I read a lot of stuff in the popular press about obesity and weight gain and some of it can make me cringe. However, here is a piece by Mark Bittman, the New York Times food columnist, that I can agree with. One of the vexing things about this field is that a little bit of knowledge is a very dangerous thing. When I talk to people about my research, I get various responses. For those that have never thought about the problem, when I tell them that the obesity epidemic is caused by too much food they, will simply say “You needed to do five years of research to figure that out?” However, for those that have thought about it some, I can get more skepticism: “What about insulin? What about lack of physical activity?” What about perturbed microflora?” “What about fibre?” “What about high fructose corn syrup?” The answer is that all those things may matter but they’re second order. The data show that the increase in food supply more than explains the increase in weight holding everything else constant. That means if you include these other effects, it would have been even worse!
Now to the question of a “Is a calorie a calorie?” This causes a lot of confusion because some people believe that low carb diets will lead to weight loss independent of the reduction in calories. This might be true but the reasoning is often incorrect. The wrong answer is that carbs cause insulin to be secreted and insulin suppresses the release of fat (i.e. lipolysis). Your body stores fat in fat cells or adipocytes. When insulin is low, adipocytes release fat into the blood stream for you to use as fuel. When insulin is high, lipolysis is suppressed so the body can burn the carbs or more specifically glucose. The faulty reasoning then goes that if you eat lots of carbs, you’ll suppress lipolysis so that your fat stays trapped in your adipocytes. It’s only if you eat low carbs will the fat be free to escape. On the surface this sounds fairly reasonable. Where it goes wrong is that if you are in steady state then at the end of the day, it didn’t matter what happened to your insulin levels because your body is the same as it started.
Let me be more specific. Let’s consider a person in steady state, but eating two different diets. In the first, she eats carbs all day. Insulin will be high, lipolysis will be suppressed and she will burn all the carbs she ate. At the end of the day if she ate 2000 Calories of carbs, she’ll have burned all 2000 of it (ignoring for now the small inefficiencies that won’t change the argument). Now, let’s say she eats very low carbs for a day. In this case, insulin stays low all day so she burns fat all day. However, you can’t ignore the fact that she also ate 2000 Calories of food. If it was all fat, then what she did was to burn 2000 Calories of fat that was some combination of the fat she ate and the fat that was released from the fat cells. The leftover fat was then repackaged into the fat cells and at the end of the day she stays the same. (If she ate no carbs at all, then she would have depleted her small stores of glycogen and then her brain would have started using ketones as fuel but that is another story).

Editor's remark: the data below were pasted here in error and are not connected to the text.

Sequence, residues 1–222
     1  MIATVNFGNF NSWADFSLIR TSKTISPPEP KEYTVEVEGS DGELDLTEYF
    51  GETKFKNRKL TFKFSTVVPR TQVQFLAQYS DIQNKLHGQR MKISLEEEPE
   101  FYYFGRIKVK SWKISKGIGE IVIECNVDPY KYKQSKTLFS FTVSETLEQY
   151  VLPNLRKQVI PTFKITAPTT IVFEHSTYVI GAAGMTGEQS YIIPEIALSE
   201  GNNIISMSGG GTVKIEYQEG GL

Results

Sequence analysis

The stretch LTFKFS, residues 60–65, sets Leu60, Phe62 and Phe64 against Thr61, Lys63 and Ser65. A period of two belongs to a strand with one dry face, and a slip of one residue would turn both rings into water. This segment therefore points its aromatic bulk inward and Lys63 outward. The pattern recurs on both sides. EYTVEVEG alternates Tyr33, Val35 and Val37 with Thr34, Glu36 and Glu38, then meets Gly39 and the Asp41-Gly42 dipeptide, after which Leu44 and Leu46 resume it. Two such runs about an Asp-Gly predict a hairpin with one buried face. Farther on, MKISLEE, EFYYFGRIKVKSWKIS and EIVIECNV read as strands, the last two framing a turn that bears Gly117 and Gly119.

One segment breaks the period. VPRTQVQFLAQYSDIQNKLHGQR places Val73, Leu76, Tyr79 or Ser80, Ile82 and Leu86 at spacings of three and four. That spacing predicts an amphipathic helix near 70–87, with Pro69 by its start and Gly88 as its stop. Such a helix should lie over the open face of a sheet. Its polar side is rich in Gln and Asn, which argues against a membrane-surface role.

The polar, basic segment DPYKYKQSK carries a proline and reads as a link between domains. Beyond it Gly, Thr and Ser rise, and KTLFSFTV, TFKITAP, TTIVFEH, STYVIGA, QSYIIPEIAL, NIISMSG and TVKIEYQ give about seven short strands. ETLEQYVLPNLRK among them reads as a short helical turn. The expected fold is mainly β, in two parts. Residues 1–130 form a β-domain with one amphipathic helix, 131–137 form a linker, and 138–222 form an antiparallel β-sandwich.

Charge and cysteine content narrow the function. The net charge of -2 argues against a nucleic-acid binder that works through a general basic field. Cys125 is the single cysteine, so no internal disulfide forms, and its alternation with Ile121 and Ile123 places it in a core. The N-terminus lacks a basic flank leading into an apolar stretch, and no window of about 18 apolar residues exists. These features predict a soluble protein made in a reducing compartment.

This doesn’t mean that low carb diets won’t work. However, if low carbs do cause you to lose weight, then the only reason they work was because you either a) burn more energy or b) eat less. It has been argued that the drop in insulin after you eat carbs makes you hungry and can cause you to eat too much. This might be true but there is no solid evidence for it as far as I know. It is also plausible that eating low carbs could cause you to use more energy. For one, if you ate lots of protein, it could take the body more energy to process it although there is no clear evidence yet. If you eat lots of fat, there will be excess futile cycling of fat between the blood stream and fat cells and this could cause excess energy to be used but again there is no evidence yet. Kevin Hall is actually doing some precise experiments to address these questions and will publish some results soon.
Finally, let’s get back to “Is a calorie a calorie?”. The answer, as Bittman writes, is that it is probably not since the body does process foods differently but we don’t yet know how much it will matter. The question of how much energy we burn on different diets could be answered shortly with ongoing experiments. However, the question of how different diets affect appetite is a question we won’t have an answer to in the near future.